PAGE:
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Please note that this group of furniture (Lots 139, 140 & 141) is almost certainly Dutch, made c. 1845-50 in Zwolle by the cabinet-maker Jan Kamphuis. A similarly-inlaid table was acquired by King William II of the Netherlands in 1846 and is now at Het Loo Palace. We are grateful to Dr. Reinier Baarsen for providing this information.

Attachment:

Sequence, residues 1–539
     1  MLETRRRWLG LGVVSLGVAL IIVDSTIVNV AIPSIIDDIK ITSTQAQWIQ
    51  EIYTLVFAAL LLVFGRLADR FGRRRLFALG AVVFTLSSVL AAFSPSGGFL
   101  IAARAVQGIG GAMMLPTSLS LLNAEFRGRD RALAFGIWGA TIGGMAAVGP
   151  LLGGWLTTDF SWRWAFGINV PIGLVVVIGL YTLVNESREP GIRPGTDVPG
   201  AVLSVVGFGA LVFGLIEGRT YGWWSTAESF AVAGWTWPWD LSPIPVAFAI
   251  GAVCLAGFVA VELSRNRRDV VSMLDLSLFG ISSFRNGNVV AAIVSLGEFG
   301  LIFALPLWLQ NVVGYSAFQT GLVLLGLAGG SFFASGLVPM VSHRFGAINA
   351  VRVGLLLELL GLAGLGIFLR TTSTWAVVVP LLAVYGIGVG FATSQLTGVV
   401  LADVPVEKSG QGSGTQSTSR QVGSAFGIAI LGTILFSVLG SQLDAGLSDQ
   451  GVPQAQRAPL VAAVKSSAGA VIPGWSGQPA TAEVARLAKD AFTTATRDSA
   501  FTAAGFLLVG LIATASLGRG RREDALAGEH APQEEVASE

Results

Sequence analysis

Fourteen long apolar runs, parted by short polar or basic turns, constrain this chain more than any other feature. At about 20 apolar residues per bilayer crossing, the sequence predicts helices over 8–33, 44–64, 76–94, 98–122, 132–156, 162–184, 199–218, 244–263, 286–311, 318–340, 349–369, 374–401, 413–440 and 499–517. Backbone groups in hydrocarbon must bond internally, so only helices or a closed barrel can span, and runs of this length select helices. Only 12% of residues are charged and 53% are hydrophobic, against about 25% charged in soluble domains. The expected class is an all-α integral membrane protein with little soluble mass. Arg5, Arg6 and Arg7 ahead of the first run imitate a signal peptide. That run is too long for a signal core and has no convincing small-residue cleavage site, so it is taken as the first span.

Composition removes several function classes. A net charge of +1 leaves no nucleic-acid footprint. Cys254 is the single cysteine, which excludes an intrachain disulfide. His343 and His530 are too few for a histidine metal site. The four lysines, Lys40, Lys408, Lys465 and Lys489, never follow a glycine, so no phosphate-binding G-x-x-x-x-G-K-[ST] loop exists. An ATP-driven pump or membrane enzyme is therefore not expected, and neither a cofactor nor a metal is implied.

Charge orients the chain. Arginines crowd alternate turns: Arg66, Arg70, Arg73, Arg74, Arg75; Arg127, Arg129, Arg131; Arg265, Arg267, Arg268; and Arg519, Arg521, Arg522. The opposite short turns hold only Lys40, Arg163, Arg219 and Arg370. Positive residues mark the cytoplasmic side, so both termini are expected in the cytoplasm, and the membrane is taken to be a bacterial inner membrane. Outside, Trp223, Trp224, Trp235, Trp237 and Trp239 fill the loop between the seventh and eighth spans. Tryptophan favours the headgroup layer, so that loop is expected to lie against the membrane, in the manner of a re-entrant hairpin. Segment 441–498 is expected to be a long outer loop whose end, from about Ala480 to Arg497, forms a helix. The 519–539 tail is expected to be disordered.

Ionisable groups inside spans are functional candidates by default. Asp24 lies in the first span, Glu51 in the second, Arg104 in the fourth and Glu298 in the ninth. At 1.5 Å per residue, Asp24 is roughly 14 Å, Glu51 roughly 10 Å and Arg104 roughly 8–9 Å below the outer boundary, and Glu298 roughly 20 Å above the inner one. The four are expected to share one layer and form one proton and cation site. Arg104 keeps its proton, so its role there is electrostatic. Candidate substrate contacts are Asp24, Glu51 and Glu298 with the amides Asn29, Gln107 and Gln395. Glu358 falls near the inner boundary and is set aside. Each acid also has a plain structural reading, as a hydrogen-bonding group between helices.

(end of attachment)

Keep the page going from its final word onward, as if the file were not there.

The following profusely inlaid rosewood suite (lots 139-141) relates to furniture by the Munich firm of Leo von Klenze (1784-1864). Comprising a centre-table, secrétaire and commode, the quality of craftsmanship and decoration suggest the suite may have been commissioned as a wedding-gift or for exhibition. The use of intricate marquetry began to infuse Biedermeier furniture, partly in reaction against its simplicity, during the late 1830s. Invoking a seventeenth century style of intarsia, the use of etched-ivory medallions and scrolled arabesques anticipated the move to a more grandiose, Renaissance-influenced, eclecticism in German furniture. This can also be seen in the lion-monopodia and carved acanthus decoration, which shows a freer Italianate interpretation of the Empire style. The decoration of brass arabesques and etched-ivory medallions of cherub-driven chariots and doves, is very similar to that found on a set of monumental rosewood doors in the Gala Reception Room of the Maryinsky Palace, St. Petersburg. The Maryinsky Palace was built during the first half of the nineteenth century for Grand Duchess Maria Nikolayevna, the eldest daughter of Tsar Nicholas I, and the doors were commissioned in Munich in 1842 (see Z. Belyakova, Grand Duchess Maria Nikolayevna and Her Palace in St. Petersburg, St. Petersburg, 1994, pp. 80-93).